Next Wave: Shipping the goods

Lily Hibberd

Conical, re-verb_DAY one, 2004

Conical, re-verb_DAY one, 2004

What better use for 15 shipping containers than as exhibition spaces for a group of artist-run-initiatives (ARI's) from all over Australia? ARI's are typically coordinated by committees of practising artists often numbering up to 12 people, so the biggest problem for each group was effectively displaying work by all members in their designated container. The solutions were diverse and ingenious.

The Upholstery (Cairns) members collaborated by wallpapering the inside of their container then roughly painting outlines of a life-sized couch and 2 windows providing views of beaches with threatening World War II bombers and giant sharks. Platform (Melbourne) gave over their container to a group of designers (Panderosa), who decorated the interior with off-cuts of coloured vinyl. The Farm (Brisbane) allowed a couple of their exhibiting artists to give politics a go with 9/11 propaganda posters. The members of Kings (Melbourne) worked together on a statement about the festival's curatorial theme with vinyl lettering reeling off clever references to unpopular culture. Two artists from Rocketart (Newcastle) made a celestial display from a large backlit panel of wood with tiny holes. Bus (Melbourne) featured the work of Anton Marin, who did an amazing luminescent wire-frame installation using fishing line and UV lighting.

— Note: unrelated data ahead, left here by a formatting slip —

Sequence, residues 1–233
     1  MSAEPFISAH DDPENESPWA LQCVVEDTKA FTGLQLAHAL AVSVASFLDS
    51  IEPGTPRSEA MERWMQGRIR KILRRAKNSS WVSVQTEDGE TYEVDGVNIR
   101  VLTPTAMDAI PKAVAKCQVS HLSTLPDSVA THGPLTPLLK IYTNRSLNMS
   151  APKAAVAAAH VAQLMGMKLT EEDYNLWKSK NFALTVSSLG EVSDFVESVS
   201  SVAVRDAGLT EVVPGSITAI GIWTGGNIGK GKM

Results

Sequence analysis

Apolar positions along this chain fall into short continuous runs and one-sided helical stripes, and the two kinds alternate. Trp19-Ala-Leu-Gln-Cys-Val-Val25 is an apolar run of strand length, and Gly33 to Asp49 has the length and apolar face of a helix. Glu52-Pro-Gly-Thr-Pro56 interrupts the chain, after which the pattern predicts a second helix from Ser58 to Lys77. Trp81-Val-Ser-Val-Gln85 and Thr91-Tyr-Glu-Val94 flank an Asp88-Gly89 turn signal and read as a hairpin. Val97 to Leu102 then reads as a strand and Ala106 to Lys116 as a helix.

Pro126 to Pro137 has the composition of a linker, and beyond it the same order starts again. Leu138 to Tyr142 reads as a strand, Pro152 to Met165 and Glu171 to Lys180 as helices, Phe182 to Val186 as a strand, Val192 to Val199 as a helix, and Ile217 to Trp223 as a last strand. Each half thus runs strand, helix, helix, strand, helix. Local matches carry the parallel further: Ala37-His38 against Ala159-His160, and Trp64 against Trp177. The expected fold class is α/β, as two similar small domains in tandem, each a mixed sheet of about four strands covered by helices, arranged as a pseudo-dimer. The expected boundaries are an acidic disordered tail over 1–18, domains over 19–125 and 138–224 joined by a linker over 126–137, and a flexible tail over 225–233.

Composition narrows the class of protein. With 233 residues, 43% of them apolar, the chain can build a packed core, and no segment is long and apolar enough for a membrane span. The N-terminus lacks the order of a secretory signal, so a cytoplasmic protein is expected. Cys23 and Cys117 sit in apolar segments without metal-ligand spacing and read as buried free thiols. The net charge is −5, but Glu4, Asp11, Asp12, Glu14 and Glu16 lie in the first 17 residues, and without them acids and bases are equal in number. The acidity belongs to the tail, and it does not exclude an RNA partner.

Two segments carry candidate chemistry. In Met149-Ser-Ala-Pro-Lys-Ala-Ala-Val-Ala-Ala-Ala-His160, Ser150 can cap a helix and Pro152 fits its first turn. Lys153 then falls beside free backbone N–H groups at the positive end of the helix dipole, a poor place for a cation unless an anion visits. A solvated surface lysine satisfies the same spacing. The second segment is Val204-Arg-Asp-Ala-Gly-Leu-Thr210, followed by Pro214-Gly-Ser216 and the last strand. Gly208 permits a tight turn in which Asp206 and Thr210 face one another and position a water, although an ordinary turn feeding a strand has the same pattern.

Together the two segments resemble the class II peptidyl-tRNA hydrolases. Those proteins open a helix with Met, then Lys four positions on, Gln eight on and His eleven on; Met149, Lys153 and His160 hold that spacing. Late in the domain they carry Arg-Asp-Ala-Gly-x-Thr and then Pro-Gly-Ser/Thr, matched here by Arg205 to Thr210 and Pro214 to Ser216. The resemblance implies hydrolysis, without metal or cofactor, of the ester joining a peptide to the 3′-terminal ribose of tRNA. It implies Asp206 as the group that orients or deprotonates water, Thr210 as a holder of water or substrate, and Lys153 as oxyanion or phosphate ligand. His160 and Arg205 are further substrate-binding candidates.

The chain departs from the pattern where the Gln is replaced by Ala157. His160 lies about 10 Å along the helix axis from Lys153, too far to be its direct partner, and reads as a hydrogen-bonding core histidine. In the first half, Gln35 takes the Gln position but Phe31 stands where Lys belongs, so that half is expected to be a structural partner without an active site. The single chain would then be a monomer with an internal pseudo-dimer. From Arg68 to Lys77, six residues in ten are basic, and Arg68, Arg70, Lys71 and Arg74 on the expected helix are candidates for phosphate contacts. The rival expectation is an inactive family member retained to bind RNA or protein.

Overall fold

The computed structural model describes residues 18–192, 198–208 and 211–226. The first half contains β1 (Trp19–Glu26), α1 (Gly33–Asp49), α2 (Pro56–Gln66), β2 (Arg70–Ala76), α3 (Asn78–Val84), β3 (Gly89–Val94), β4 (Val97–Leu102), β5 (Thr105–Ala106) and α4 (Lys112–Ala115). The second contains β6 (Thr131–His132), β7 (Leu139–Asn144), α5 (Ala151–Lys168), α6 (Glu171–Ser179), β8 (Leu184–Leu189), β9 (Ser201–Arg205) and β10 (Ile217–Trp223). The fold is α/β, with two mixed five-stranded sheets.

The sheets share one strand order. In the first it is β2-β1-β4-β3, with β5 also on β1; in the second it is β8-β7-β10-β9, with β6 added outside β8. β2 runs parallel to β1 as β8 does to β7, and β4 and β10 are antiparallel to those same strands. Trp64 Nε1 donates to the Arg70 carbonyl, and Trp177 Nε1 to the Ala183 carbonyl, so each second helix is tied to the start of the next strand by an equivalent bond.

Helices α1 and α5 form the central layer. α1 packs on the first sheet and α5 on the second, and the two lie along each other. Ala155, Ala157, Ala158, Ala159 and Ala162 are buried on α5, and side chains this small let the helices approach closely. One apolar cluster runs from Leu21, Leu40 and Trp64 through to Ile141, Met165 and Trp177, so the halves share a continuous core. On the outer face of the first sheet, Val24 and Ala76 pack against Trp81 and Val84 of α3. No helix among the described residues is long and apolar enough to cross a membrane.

The Network of UnCollectable Artists (Sydney) attracted lots of attention, using their container to sell packets of swap cards depicting “Australia's 50 Most UnCollectable Artists”, including Will and Dave (the protestors who painted “no war” on the Opera House). I was lucky enough to get Bec Dean's LED project, which several people tried to swap for some other unknown artist.

Conical (Melbourne) opened with a collaboration staged by 5 board members. The centrepiece was a generator, an alternate power source that symbolised independence from the mainstream. Thereafter a series of other artists added found materials that were configured into meaningful and playful arrangements with no sign of discrete art objects.

On the other hand, Seventh (Melbourne) used their container as a gallery, allowing Drew Martin's woodwork guitar and speaker unit to be conventionally appreciated. Downtown (Adelaide) also divided the space between the artists, but the artwork was more esoteric. It housed a video projection that was washed out by daylight, but this meant the smallest piece took on greater meaning: Andrew Best's Weeds from paradise comprised tiny plant forms stuck into corners of the container, evoking a wasteland, a powerful reference to the desecration of the South Australian environment.

2004 Next Wave Festival: Unpopular Culture, Containers Project, curator Tristian Koenig, Federation Square, Melbourne, May 18-30

RealTime issue #62 Aug-Sept 2004 pg. Onl

© Lily Hibberd; for permission to reproduce apply to realtime@realtimearts.net

1 August 2004